To further explain the definition, note that the above ‘practically limited probability’ is contingent upon a few qualifiers: First, I keep the qualifier of ‘accurate predictable results’ since the commonly held notion of common sense implies rationality by necessity, and is in any case further illustrated by the reference I make to a ‘reasonable individual.’ The word ‘common’ has a very important role to the idea as well: it does not mean a ‘common individual’ culturally though, since that would be subjective. ‘Common’ here means that which is reasonable to believe, is common to all individuals present within the setting (‘…as delimited by a correspondingly given setting..’) where data has been observed, as a necessary consequence of being present in such a setting.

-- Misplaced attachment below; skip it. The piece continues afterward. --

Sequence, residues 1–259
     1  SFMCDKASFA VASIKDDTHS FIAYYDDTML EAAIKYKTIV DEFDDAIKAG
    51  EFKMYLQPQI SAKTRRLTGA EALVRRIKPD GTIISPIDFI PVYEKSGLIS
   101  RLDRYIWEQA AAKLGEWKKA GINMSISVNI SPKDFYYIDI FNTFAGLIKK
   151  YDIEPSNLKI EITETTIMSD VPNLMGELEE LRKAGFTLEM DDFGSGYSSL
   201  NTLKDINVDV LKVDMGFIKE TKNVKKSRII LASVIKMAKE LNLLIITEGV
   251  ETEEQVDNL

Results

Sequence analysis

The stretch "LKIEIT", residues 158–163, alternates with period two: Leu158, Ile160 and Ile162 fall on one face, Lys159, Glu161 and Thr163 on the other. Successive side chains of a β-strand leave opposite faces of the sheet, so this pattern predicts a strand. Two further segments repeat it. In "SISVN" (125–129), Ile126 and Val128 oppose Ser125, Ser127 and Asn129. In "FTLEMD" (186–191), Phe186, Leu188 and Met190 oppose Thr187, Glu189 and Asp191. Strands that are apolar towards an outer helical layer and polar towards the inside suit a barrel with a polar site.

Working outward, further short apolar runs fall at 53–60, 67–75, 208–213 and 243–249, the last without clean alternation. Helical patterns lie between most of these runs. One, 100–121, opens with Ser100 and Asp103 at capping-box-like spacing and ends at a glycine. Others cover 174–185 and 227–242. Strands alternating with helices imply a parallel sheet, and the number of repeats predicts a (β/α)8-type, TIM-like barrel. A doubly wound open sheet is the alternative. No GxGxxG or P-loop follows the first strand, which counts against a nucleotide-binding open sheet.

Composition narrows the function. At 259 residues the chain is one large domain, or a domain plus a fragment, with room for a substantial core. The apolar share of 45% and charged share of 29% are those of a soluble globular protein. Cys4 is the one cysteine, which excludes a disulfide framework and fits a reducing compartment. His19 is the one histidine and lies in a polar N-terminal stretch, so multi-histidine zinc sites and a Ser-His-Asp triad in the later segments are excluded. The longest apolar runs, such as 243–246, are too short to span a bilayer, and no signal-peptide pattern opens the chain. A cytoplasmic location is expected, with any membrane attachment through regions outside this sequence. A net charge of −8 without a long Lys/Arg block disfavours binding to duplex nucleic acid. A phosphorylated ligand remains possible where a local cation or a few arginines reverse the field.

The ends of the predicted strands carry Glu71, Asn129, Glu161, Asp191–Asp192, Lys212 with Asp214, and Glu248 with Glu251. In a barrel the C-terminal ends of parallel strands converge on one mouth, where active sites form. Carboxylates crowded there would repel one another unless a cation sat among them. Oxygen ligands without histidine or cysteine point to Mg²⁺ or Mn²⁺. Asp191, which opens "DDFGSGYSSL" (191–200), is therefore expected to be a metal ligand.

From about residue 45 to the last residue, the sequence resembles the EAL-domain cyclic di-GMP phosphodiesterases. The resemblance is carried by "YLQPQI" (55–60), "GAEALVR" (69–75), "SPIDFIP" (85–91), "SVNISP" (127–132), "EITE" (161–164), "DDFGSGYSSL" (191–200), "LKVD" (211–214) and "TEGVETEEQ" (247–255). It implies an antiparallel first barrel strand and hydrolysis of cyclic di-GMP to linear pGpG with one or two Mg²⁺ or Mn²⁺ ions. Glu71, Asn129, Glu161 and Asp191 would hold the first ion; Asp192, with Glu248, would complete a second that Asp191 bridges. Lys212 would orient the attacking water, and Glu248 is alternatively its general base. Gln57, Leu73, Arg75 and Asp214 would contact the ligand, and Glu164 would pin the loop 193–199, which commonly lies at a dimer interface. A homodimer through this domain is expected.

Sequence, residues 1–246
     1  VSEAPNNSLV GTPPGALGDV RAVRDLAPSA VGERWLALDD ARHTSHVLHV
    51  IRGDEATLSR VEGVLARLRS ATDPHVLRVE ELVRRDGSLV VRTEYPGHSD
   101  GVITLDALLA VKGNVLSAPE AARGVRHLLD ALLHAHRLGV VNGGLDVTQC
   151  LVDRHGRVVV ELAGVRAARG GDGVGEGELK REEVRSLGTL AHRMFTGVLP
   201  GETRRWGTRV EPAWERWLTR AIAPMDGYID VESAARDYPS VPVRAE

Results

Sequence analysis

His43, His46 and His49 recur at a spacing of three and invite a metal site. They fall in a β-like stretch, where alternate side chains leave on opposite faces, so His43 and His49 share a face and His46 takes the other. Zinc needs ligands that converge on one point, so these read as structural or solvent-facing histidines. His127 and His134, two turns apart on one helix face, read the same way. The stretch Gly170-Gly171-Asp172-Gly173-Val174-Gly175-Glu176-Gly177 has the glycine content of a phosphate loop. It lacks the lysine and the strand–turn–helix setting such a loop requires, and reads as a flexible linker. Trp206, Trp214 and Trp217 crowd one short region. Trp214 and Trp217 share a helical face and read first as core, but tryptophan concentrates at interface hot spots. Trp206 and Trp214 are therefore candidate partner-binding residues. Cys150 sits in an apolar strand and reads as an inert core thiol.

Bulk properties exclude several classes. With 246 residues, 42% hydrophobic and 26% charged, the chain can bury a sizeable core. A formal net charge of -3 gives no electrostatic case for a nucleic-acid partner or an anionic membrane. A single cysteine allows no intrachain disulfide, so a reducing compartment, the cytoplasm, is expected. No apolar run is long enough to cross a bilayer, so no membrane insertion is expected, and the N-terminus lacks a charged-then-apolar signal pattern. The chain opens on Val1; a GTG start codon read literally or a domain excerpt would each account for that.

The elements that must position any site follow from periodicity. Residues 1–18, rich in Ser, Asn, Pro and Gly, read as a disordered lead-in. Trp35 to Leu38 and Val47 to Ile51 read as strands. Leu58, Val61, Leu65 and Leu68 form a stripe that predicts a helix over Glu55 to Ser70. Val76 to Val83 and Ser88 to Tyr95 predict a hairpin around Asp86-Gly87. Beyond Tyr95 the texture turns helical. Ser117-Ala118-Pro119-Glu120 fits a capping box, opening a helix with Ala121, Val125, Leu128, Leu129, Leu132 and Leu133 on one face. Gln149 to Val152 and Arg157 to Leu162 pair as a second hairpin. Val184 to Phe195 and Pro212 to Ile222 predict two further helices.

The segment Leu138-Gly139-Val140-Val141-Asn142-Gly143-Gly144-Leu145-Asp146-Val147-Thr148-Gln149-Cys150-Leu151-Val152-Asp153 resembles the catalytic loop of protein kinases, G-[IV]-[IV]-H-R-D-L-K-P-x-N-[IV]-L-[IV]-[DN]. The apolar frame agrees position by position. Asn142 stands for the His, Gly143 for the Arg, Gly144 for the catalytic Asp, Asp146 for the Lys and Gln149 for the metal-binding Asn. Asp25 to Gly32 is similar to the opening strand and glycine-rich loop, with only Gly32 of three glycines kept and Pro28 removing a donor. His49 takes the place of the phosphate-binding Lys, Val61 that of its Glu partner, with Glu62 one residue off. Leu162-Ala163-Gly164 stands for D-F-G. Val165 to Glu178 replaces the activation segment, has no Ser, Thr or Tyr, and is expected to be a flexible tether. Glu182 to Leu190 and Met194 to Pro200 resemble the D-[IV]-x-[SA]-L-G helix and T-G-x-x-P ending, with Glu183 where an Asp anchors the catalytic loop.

This is not to say that science shouldn’t check and be the ultimate resource on the best provisional truth of all things. However, science should NOT be used as grounds or a tool to stamp out provisional conclusions which are not tested through an actual, precise, verified, completely controlled scientific study.
There is something tricky here though, to this idea that one must be careful with: it is not necessarily impractical to have an accurate predictability about something that appears and in actuality, very well could be vastly complex–such is the crux of my entire point, in fact. This is because complexity does not rule out practicality, depending on the nature of the phenomena, and is why I have chosen human individual practicality over sheer complexity as the key idea of my definition of common sense.